City ordinance proposal sought to bring Skid Row to Chateau Marmont
Labor unions hold well deserved unfavorable reputations — they're almost all (if not entirely) Democrats. According to a Fox News report, over the course of the 2020 election cycle, the two largest teachers' unions in the country, the National Education Association and the American Federation of Teachers, spent $43 million on political interests. In the same time frame, Joe Biden received $232,000 — which was more than any other candidate — as well as endorsements from both the NEA and the AFT. They're political powerhouses and advocating for an agenda so far left that "even the Democratic Party won't endorse" it.
Now, UNITE HERE Local 11, a union operating across Southern California and Arizona, procured the necessary number of signatures to get a proposed ordinance before the Los Angeles City Council for a vote. A ten-year veteran of the Council, Joe Buscaino, described it as "the dumbest measure" he'd seen during his tenure. Among other lunacies, the proposal stipulated:
A hotel development project of 15 or more rooms would be required to replace demolished or converted housing with an equivalent amount of affordable housing at or near the project site. The ordinance would create a program, subject to funding availability, to place unhoused individuals in vacant hotel rooms [emphasis added]. A hotel would be prohibited from refusing lodging to program participants [emphasis added].
Imagine booking a stay at the Beverly Wilshire, while a homeless deviant occupies the Penthouse Suite for $25,000 a night, all on the backs of the California taxpayer. It's truly a world gone mad. Citizens from the community, most notably in the hospitality industry, spoke out against the measure. Ray Patel, president of the Northeast Los Angeles Hotel Owners Association, was bewildered at the idea and questioned how the government could usurp his authority to make decisions about his personal property. "I can't screen who ends up in my hotel rooms? How do I protect my other customers and my staff?" Juan Martinez, a hotel manager, said, "This is a bad idea. People are not going to feel safe. My staff is not going to feel safe, so I think this is wrong."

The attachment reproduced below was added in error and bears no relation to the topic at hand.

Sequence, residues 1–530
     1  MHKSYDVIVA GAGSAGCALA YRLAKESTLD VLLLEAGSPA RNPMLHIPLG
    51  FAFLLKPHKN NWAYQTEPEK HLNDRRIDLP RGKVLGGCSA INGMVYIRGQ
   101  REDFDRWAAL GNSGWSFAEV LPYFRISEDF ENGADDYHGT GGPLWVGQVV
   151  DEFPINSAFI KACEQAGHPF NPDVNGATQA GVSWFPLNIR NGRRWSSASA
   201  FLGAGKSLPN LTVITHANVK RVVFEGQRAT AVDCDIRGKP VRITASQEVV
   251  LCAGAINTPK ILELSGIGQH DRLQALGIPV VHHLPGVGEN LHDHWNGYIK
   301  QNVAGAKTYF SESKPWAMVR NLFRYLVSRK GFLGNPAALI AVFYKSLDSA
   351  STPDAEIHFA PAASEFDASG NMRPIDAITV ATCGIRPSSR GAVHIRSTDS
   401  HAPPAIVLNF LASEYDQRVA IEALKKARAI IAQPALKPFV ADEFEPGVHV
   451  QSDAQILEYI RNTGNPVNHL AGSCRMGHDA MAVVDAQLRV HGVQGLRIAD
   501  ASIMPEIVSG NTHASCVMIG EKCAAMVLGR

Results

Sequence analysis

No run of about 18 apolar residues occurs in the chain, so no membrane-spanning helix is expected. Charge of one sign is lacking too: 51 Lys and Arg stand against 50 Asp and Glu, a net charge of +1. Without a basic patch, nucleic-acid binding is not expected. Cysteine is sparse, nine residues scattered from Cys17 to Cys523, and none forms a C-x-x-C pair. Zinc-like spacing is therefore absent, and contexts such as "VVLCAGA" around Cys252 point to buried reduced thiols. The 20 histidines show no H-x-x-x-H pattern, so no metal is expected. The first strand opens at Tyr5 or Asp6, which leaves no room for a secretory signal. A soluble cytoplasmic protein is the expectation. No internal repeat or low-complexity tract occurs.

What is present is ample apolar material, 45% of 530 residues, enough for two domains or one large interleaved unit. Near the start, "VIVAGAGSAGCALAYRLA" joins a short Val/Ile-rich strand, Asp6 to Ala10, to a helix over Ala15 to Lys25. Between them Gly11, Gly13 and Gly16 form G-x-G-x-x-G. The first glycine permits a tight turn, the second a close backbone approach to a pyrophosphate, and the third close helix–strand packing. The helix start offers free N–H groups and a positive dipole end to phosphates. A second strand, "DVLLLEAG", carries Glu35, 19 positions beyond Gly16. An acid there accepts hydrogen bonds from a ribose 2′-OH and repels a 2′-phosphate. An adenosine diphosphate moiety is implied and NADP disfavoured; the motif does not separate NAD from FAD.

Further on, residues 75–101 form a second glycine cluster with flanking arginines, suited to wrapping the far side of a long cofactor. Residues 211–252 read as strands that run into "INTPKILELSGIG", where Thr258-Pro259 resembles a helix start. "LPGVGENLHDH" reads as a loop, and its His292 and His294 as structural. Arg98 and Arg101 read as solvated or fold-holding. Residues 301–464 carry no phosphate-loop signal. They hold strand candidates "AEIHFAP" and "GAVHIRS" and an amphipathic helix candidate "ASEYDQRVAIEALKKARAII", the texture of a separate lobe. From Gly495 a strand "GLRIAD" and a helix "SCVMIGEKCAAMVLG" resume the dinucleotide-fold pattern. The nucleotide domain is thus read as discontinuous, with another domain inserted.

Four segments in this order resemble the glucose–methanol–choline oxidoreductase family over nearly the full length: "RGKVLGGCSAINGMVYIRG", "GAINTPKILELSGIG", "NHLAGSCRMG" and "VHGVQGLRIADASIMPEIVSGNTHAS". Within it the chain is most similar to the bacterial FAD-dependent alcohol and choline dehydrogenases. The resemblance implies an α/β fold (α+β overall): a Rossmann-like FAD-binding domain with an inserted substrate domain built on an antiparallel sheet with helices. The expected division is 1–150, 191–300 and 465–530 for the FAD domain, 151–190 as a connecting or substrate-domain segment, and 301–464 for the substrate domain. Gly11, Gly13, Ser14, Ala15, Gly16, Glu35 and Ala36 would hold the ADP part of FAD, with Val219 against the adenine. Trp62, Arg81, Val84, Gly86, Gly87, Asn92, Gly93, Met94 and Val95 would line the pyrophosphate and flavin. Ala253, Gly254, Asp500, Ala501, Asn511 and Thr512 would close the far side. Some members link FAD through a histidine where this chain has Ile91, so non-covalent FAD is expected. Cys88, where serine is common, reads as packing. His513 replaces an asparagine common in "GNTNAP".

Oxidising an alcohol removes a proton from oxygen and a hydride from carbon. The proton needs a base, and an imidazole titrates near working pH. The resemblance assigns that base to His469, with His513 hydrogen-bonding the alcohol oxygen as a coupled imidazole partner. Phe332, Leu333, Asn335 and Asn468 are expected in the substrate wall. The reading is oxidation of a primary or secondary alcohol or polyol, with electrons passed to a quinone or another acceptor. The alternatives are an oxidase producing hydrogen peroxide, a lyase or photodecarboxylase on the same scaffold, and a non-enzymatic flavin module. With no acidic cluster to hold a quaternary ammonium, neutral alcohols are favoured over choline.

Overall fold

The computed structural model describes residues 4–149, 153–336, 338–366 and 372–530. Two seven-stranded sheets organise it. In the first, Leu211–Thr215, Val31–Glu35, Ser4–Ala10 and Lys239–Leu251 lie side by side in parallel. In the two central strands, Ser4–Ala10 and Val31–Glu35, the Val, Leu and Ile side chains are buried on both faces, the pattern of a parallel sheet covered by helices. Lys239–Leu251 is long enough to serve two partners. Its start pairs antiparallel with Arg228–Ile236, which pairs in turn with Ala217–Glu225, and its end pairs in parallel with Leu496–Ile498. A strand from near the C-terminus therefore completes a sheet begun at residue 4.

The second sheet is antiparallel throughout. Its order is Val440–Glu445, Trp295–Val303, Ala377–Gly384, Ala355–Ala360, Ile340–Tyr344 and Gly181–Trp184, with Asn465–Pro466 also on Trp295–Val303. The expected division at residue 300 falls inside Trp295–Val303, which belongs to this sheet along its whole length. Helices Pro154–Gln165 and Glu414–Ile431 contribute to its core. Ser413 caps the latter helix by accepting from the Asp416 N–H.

Well, no kidding! Concentrated populations of the mentally deranged and drug-addicted aren't typically the safest and most trustworthy neighbors.
Unfortunately, this insanity didn't die with a no vote by the City Council — its specter is set to reappear on the public ballot for the March 5, 2024 election.